TACOMA — Federal prosecutors have charged two men in the Christmas Day substation attacks in Pierce County that caused power outages and an alleged $3 million in damage.

Matthew Greenwood, 32, and Jeremy Crahan, 40, both of Puyallup, face federal charges of conspiracy to damage energy facilities. Greenwood faces an additional charge of possession of an unregistered firearm. Prosecutors say the men attacked two Tacoma Power and two Puget Sound Energy substations, according to a statement by U.S. Attorney Nick Brown, who commended the FBI for quickly identifying the suspects.

Both men made a brief appearance in U.S. District Court in Tacoma on Tuesday afternoon, where Magistrate Judge J. Richard Creatura ruled they should continue to be held at a federal detention center until a hearing scheduled for Jan. 10. No pleas were entered, and the two men, clad in green coveralls, did not speak.

Brown said in an interview that the investigation into the case is ongoing. So far, he said, law enforcement officials have not turned up evidence to indicate there was a political motive driving the attack.

“There’s a lot more work to be done. Not surprising, sometimes people’s criminal activity is not the most logical or rational,” Brown said. “And without getting too far ahead of myself, I think that is probably the case here.”

A criminal complaint unsealed Tuesday said the two men were identified as possible suspects through the analysis of cellphone records. Also, surveillance cameras at one of the substations captured images of one suspect and a pickup truck that appeared to be connected to the attack. A similar pickup had been connected to the defendants, and when law enforcement served a search warrant on the home of the suspects, they recovered “distinctive clothing” pictured in surveillance photos, prosecutors say.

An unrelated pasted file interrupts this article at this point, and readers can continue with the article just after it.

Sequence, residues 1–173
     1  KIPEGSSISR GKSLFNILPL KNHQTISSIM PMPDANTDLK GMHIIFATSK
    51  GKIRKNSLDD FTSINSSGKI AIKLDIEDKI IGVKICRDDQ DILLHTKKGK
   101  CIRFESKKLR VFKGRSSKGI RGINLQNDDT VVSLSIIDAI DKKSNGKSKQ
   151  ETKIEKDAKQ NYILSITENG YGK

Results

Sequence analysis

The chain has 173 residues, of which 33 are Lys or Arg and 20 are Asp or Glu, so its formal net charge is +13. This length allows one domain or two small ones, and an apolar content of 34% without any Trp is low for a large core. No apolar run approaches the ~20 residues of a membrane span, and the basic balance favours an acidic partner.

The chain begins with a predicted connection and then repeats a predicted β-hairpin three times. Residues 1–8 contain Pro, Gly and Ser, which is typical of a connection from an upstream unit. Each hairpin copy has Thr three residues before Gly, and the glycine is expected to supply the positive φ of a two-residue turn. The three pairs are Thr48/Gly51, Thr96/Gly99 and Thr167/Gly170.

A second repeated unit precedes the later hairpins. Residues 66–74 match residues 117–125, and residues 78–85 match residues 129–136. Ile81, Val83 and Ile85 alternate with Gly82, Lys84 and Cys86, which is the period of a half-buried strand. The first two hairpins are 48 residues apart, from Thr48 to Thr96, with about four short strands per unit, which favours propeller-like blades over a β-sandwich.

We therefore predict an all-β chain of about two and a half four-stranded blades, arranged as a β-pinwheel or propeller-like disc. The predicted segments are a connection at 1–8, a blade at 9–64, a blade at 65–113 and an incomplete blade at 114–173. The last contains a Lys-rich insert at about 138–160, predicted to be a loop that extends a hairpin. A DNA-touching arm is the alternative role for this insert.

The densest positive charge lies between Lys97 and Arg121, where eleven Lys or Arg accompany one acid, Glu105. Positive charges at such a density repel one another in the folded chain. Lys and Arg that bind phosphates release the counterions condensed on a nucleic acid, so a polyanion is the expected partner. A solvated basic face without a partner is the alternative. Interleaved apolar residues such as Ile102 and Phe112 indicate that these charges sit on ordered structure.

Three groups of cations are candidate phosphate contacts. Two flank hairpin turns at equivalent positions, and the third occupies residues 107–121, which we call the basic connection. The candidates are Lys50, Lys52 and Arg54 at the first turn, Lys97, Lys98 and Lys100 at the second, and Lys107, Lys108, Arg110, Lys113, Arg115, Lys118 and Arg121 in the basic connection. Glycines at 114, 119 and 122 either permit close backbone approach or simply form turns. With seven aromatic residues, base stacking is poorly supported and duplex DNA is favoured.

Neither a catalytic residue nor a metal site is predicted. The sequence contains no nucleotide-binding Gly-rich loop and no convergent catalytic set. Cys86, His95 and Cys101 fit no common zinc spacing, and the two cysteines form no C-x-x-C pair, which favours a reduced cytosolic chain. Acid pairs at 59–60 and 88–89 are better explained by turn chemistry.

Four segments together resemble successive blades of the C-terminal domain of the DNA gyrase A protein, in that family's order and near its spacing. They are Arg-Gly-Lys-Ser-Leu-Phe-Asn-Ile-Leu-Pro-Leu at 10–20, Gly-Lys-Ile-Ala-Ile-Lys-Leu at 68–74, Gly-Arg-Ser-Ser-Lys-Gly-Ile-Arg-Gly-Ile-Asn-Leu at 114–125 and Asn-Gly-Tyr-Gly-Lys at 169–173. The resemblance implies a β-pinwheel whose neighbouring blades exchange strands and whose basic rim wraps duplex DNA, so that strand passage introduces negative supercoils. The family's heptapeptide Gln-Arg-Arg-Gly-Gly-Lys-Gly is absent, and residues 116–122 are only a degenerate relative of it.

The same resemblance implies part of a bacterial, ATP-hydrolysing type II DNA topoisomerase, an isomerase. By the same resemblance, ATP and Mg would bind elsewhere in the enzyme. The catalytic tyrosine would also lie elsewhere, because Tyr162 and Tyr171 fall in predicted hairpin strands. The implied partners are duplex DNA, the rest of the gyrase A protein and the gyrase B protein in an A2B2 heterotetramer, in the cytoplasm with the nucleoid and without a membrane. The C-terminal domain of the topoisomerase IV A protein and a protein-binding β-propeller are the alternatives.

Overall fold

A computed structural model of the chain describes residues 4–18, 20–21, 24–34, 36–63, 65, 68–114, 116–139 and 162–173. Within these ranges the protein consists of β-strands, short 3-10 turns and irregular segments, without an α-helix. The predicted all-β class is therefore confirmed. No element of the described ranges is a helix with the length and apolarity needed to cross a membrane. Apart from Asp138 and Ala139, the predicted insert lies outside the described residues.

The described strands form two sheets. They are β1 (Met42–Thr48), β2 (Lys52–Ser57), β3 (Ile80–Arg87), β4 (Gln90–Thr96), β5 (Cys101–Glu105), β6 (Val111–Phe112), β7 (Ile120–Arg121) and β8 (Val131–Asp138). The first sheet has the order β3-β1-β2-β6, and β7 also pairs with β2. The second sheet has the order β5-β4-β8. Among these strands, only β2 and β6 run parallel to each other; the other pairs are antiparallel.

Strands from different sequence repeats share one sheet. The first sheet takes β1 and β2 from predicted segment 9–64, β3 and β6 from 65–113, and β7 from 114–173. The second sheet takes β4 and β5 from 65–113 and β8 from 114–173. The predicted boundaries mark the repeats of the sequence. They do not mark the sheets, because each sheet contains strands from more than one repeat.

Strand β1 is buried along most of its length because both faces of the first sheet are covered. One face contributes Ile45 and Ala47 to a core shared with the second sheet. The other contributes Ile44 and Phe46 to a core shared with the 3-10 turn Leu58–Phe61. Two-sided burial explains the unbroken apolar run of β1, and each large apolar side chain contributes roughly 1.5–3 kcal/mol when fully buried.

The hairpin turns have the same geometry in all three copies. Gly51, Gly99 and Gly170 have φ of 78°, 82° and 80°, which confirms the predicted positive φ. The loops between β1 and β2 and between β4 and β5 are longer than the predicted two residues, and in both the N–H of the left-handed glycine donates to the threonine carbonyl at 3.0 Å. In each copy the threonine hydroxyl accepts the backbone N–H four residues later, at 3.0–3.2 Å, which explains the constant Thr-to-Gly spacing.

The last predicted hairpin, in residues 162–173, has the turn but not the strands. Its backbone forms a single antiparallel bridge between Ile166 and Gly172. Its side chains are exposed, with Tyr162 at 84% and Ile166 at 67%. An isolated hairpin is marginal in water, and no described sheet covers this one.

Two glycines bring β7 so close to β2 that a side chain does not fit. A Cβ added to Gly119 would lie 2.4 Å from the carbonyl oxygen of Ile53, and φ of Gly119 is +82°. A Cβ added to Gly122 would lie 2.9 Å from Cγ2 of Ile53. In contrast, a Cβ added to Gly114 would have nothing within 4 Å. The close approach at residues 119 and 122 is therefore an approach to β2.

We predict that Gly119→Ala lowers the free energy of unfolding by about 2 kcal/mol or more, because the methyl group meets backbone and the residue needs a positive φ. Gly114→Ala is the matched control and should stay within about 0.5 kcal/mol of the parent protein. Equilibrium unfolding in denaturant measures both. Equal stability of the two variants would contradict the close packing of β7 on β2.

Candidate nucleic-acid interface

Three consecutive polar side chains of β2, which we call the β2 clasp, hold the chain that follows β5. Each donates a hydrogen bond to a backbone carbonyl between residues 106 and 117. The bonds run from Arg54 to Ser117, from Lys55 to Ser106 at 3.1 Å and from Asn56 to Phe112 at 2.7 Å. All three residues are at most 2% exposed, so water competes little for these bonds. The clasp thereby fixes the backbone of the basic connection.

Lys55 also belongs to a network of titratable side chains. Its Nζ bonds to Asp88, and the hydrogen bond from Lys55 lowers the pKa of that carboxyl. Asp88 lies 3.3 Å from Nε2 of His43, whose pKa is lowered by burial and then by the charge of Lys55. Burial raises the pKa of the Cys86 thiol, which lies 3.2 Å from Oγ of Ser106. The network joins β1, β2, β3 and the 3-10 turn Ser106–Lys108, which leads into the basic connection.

Two surveillance photos included in the complaint show a man with a cloth covering part of his face and torso, holding something in his gloved right hand.

The complaint said the attacks caused about $3 million in damage, and Tacoma Power will need to use two mobile transformer units at each of its substations to provide power. Repairs could take up to 36 months to complete.

FBI Special Agent Mark Tucher, who investigated the attacks, is assigned to the Joint Terrorism Task Force of the FBI’s Seattle Division, primarily investigating domestic terrorism.

The two Tacoma Power substations and one of the PSE substations were attacked early Christmas Day, before daylight. The last attack happened at about 7:25 p.m. and resulted in a power outage and fire. Initial reports indicated the suspects cut a chain-link fence to gain entry, then tampered with a switch as they tried to pry open equipment. This caused the substation to start arcing and sparking, according to the complaint.

On Dec. 31, when federal agents and local law enforcement executed warrants, they found Greenwood in a fifth-wheel trailer, and found a short-barreled rifle with what appeared to be a homemade silencer and a short-barreled shotgun.

The criminal complaint does reference a motive, as described by Greenwood.


Greenwood, in a statement to law enforcement after he was arrested and read Miranda rights, said he and Crahan had been planning to disrupt power to commit a burglary, according to the complaint. Greenwood said he entered all four substations using bolt cutters, while Crahan acted as a getaway driver, according to the complaint.

After the morning attacks, the two men went to a local business, drilled out a lock and stole from a cash register, according to Greenwood’s statement cited in the complaint.